West Bromwich Albion issued a new statement today on the club's website about the sale of forward Saido Berahino, and it's the clearest indication yet that the Baggies have absolutely no intention of selling the forward to Tottenham Hotspur.
The statement, written by club chairman Jeremy Peace, has seemingly ended any chance Tottenham may have had on signing Berahino. Peace writes:
"As I have made clear from the moment Tottenham lodged their first bid for Saido on August 18, selling our top goalscorer was never on our agenda this summer.
Our plans have always been based on Saido being part of our squad for the 2015-16 season.
But there are two other good reasons why he will not be sold.
Firstly, had we ever entertained the notion of selling him we have not received an offer anywhere near attractive enough from Tottenham Hotspur.
Not only have the offers been too low as a valuation of the player, but they have been based on stage-payments and add-ons over a long period which do nothing to reflect Saido's ability and potential."
What's curious about Peace's statement is that he seems to be arguing on both sides of the issue. West Brom has always been adamant that Berahino was not going to be sold, but have also in the past given statements that indicated that he would be sold for the right price. This statement seems to be saying, in effect, "Saido's not for sale, but Spurs also didn't offer enough money."
Peace went on to comment on Spurs chairman Daniel Levy and how the negotiations have unsettled Berahino in recent weeks:
"I have the greatest respect for Daniel Levy but he must surely appreciate we would have needed to replace Saido had he left and no consideration of that position has been reflected by Tottenham's strategy.
It has contributed to our completing our last two games without a key player.
I have spoken to Saido and of course I have sympathy for him. He has been unsettled and distracted by all this and I understand that.
But I have strongly advised him to put this behind him and get back to what he does best which is to work hard for the team and score goals for Albion."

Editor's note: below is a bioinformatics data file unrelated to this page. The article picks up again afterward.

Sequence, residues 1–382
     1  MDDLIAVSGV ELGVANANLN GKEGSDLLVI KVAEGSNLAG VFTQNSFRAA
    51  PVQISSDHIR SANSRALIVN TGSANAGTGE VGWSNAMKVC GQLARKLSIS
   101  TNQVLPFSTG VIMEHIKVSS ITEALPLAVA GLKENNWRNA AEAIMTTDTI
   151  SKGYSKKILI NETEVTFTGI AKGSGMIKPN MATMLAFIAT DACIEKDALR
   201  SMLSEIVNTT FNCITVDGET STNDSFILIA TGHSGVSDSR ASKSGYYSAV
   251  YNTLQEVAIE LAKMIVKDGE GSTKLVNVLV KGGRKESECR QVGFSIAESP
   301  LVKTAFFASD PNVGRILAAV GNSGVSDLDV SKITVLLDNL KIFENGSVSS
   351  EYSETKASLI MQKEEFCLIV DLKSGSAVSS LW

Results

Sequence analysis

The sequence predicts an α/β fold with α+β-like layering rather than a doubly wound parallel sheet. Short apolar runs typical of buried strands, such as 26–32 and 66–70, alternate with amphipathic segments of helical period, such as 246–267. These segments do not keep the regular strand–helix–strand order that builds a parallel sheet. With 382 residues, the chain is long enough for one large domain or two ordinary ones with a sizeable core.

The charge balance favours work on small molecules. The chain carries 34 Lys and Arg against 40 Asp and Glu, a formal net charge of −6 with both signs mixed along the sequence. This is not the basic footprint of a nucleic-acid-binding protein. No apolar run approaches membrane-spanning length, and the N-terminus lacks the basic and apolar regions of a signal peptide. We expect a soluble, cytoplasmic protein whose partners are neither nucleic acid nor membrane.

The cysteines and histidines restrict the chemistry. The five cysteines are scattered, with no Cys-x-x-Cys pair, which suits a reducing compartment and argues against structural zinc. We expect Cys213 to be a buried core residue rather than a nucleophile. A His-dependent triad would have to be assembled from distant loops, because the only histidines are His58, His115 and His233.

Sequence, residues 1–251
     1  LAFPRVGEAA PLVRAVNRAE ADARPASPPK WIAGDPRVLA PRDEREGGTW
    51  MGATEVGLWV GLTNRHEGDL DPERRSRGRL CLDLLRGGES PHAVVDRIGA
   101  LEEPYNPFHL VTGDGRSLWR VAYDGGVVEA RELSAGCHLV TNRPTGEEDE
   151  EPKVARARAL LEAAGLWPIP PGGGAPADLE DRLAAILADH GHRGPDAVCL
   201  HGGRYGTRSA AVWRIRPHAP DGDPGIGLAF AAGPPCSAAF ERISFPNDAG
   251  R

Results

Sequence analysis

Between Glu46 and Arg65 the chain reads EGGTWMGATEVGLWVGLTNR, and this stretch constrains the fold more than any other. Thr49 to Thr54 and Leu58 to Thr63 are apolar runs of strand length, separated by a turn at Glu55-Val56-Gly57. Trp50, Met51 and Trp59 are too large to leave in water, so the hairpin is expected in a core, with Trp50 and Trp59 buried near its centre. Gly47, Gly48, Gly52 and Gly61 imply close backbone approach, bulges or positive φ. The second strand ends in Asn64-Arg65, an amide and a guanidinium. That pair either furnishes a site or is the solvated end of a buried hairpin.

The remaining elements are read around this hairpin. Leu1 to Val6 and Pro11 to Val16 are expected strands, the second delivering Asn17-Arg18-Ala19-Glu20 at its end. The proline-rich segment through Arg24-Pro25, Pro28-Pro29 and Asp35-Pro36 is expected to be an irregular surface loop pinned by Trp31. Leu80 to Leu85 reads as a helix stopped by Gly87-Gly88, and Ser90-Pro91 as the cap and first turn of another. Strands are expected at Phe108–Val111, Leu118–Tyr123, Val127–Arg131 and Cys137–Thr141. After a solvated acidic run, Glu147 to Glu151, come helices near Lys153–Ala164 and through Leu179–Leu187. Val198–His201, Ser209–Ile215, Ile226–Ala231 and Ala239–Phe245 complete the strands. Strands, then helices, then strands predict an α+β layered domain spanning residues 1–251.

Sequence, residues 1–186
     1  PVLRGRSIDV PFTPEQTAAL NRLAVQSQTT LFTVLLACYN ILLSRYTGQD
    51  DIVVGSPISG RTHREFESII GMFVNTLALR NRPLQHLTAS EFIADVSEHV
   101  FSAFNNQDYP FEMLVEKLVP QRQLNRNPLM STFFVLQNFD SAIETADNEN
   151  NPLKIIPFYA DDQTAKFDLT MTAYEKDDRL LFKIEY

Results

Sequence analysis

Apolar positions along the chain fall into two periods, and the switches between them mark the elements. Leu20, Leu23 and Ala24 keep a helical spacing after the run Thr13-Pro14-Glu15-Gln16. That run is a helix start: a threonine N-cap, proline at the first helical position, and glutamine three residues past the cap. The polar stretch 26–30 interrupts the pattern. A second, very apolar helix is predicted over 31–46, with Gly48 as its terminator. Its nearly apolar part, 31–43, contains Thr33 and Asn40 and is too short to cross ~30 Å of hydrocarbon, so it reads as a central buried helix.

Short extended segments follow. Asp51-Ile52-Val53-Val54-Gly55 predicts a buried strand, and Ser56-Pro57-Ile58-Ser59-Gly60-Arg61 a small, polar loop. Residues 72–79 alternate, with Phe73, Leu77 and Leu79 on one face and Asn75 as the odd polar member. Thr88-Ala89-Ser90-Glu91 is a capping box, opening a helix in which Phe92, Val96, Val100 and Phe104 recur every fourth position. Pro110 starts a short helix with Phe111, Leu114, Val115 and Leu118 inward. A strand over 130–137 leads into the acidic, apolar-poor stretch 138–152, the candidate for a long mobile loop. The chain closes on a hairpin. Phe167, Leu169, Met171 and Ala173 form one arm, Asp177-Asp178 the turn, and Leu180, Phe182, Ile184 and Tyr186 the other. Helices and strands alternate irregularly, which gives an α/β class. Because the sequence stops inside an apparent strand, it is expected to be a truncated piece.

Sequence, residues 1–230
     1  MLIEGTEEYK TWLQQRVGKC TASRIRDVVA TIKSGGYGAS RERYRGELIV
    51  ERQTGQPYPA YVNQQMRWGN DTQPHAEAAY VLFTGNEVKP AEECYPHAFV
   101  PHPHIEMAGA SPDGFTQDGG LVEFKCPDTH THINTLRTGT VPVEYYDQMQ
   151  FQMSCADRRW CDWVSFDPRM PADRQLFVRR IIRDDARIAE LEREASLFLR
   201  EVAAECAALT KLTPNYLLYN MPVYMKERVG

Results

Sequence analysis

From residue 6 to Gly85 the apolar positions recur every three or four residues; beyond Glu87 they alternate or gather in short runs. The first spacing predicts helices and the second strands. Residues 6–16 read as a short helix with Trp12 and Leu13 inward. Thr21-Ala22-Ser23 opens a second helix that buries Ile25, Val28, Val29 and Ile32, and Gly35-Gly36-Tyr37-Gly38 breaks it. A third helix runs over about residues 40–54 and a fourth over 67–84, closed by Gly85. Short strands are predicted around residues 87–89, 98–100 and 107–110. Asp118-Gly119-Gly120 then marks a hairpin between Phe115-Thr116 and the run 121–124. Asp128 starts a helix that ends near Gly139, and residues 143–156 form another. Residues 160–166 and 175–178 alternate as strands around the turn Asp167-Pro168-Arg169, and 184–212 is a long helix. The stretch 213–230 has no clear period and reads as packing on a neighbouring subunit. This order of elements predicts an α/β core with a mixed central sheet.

To me, this is the point where Peace's statement hits a rhetorical wall. There's an argument that can be made that, when it comes down to it, Tottenham could have offered West Brom the same or similar deal back in June and it might have had a warmer reception and resulted in a much easier transaction. Daniel Levy certainly has the reputation of being a last-minute negotiator, which Peace references in his statement and which Levy's detractors will gleefully point to as evidence that he is a bad chairman.
However, I reject this premise entirely. That's football. The time crunch presented by the end of the transfer window is also part of the process and does create pressure on clubs to get deals done, especially when the player involved is actively pushing for the transfer. Tottenham isn't the only club that uses the transfer deadline as a negotiation tactic. Besides, West Brom has been rebuffing approaches for Saido for months now, and to say that Spurs should have come to them earlier while at the same time criticizing the process for turning Berahino's head and slamming Levy for leaving business so late, seems disingenuous to say the least.
Not only that, but West Brom had very obviously had contingency plans in place for when Berahino was sold, since they signed two forwards in Salomon Rondon and Rickie Lambert during this same this window. Those are two players clearly signed with an eye to replacing Berahino, so to complain that Tottenham had not left enough time for the Baggies to replace him is not only unfair, but complete bulls**t.
That said, the parallels between the Saido Berahino situation and what Tottenham went through with Luka Modric in 2011 are numerous and apt. West Brom have successfully beaten back an approach for their best player by a larger club in the same league. Pending a ridiculous, over-valued bid from Spurs or another club, they will now likely keep Berahino for another year. If they're lucky, he will be a consummate professional and play his best like Modric was and did. If they're unlucky, Berahino will take matters into his own hands.
Either way, West Brom must know that they can't keep ahold of Saido forever. Another club will come in for him eventually. It might be Spurs, or it might be someone else. And, much like Luka Modric, whom Spurs sold to Real Madrid a year later for £10m less than what Chelsea offered, West Brom might not get as much money the next time for their prime asset.